bruxism

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Bruxism

 

Definition

Bruxism is the habit of clenching and grinding the teeth. It most often occurs at night during sleep, but it may also occur during the day. It is an unconscious behavior, perhaps performed to release anxiety, aggression, or anger.

Description

Bruxism is one of the oldest disorders known, and approximately one in four adults experiences it. Most people are not aware of it before their teeth have been damaged.

Causes and symptoms

While bruxism is typically associated with stress, it may also be triggered by abnormal occlusion (the way the upper and lower teeth fit together), or crooked or missing teeth.
Symptoms of bruxism include: dull headaches; sore and tired facial muscles; earaches; sensitive teeth; and locking, popping, and clicking of the jaw.
During a dental examination, a dentist may recognize damage resulting from bruxism, including: enamel loss from the chewing surfaces of teeth; flattened tooth surfaces; loosened teeth; and fractured teeth and fillings. Left untreated, bruxism may lead to tooth loss and jaw dysfunction.

Diagnosis

Medical and dental histories and examinations are necessary to differentiate bruxism from other conditions that may cause similar pain, such as ear infections, dental infections, and temporomandibular joint (TMJ) dysfunction. However, uncommonly worn-down teeth strongly suggest a diagnosis of bruxism.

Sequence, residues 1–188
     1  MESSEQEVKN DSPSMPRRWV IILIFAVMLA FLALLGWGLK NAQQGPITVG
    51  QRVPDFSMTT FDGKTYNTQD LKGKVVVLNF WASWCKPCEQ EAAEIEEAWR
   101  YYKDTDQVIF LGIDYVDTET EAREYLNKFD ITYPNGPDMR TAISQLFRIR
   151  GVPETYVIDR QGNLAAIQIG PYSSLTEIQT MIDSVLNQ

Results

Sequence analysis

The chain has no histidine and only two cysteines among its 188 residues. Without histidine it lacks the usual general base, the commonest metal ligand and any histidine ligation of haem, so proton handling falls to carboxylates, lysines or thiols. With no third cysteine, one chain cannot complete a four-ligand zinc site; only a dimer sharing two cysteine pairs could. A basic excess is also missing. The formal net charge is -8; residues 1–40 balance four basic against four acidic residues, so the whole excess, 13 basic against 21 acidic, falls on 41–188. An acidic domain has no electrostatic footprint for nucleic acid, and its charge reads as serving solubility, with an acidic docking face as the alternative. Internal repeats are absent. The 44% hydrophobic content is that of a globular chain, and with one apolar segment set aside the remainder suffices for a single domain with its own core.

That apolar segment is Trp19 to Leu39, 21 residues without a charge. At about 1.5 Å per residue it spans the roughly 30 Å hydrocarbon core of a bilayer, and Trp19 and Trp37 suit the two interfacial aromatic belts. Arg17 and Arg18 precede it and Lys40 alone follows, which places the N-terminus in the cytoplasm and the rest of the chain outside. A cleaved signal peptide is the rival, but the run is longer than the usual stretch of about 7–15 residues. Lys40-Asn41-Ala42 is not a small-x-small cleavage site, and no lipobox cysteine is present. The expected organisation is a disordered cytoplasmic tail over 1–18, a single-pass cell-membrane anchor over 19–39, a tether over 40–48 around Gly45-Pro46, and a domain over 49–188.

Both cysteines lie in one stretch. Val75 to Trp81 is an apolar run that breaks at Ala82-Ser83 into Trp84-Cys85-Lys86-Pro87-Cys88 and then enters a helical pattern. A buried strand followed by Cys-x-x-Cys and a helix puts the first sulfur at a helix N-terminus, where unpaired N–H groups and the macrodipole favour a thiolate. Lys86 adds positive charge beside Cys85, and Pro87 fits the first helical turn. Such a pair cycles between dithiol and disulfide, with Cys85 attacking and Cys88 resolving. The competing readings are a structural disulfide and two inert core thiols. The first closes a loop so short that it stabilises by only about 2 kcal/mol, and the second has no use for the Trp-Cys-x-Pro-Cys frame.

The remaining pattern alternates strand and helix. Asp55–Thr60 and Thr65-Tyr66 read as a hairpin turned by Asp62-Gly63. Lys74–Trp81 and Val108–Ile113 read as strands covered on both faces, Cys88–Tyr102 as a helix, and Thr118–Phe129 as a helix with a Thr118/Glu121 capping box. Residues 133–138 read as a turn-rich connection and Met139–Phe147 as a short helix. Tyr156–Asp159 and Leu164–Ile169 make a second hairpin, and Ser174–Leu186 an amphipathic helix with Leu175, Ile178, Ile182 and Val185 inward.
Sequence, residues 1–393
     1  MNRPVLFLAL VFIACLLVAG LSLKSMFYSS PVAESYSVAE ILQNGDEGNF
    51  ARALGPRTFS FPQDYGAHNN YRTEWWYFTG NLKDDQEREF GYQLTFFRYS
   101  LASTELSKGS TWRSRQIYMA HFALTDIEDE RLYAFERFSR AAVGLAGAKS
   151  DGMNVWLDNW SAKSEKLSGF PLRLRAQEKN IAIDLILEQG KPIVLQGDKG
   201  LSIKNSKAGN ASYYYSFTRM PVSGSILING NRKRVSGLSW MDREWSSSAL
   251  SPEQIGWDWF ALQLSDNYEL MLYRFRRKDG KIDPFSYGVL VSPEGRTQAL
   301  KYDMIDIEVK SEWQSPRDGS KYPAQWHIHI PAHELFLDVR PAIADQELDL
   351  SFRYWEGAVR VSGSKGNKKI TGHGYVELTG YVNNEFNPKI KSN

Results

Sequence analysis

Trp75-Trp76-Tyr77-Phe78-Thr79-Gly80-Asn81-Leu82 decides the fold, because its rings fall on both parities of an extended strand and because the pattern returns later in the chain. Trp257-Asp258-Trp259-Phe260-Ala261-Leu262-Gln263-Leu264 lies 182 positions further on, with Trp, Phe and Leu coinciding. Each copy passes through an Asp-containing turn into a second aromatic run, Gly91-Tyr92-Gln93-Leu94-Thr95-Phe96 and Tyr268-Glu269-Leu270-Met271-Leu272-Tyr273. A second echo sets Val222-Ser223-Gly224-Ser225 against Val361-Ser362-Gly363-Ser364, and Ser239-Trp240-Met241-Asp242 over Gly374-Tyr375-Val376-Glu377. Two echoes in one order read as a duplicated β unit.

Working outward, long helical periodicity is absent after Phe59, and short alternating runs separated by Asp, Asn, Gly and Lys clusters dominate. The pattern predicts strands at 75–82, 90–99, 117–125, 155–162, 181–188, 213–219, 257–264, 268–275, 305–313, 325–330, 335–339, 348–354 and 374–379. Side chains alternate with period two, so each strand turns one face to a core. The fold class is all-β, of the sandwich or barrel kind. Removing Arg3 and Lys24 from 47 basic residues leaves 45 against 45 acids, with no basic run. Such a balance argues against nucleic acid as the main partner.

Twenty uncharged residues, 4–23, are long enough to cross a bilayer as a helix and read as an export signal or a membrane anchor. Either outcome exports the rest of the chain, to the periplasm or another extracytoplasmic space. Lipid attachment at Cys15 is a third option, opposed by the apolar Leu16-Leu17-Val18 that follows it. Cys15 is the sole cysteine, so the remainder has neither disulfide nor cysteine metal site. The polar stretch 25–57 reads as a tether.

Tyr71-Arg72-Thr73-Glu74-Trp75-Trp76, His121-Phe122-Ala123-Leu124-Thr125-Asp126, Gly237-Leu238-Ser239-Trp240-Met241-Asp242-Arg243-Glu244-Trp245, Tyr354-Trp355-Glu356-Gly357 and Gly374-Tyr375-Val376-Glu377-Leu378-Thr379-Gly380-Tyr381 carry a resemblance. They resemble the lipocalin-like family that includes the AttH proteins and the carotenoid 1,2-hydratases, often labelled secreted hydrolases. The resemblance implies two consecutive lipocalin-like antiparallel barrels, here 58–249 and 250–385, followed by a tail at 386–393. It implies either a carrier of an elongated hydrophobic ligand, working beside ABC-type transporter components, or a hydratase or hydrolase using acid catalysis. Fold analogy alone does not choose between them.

Treatment

To prevent further damage to the teeth, bruxism is treated by placing a removable, custom-fitted plastic appliance called a night guard between the upper and lower teeth. Although the clenching and grinding behavior may continue, the teeth wear away the plastic instead of each other.
In some cases, abnormal occlusion may be adjusted and high spots removed so that the teeth fit together in a more comfortable position. Missing teeth may be replaced and crooked teeth may be straightened with orthodontic treatment to eliminate possible underlying causes of bruxism. In cases where jaw muscles are very tight, a dentist may prescribe muscle relaxants.

Key terms

Enamel — The hard outermost surface of a tooth.
High spot — An area of a tooth or restoration that feels abnormal or uncomfortable because it hits its opposing tooth before other teeth meet.
Night guard — A removable, custom-fitted plastic appliance that fits between the upper and lower teeth to prevent them from grinding against each other.
Occlusion — The way upper and lower teeth fit together during biting and chewing.
Rolfing — Based on the belief that proper alignment of various parts of the body is necessary for physical and mental health, rolfing uses deep tissue massage and movement exercises in an attempt to bring the body into correct alignment.
Temporomandibular joint (TMJ) — The jaw joint formed by the mandible (lower jaw bone) moving against the temporal bone of the skull.

Alternative treatment

Stress management and behavior modification techniques may be useful to break the habit of clenching and teeth grinding. Tight jaw muscles may be relaxed by applying warm compresses to the sides of the face. Herbal muscle relaxants also can be helpful. Massage therapy and deep tissue realignment, including rolfing, can assist in releasing the clenching pattern. This is a more permanent alternative treatment for bruxism.

Prognosis

Bruxism may cause permanent damage to teeth and chronic jaw pain unless properly diagnosed and promptly treated. The behavior may be eliminated if its underlying causes are found and addressed.

Prevention

Increased awareness in patients prone to anxiety, aggression, or anger may prevent the habit of bruxism from developing.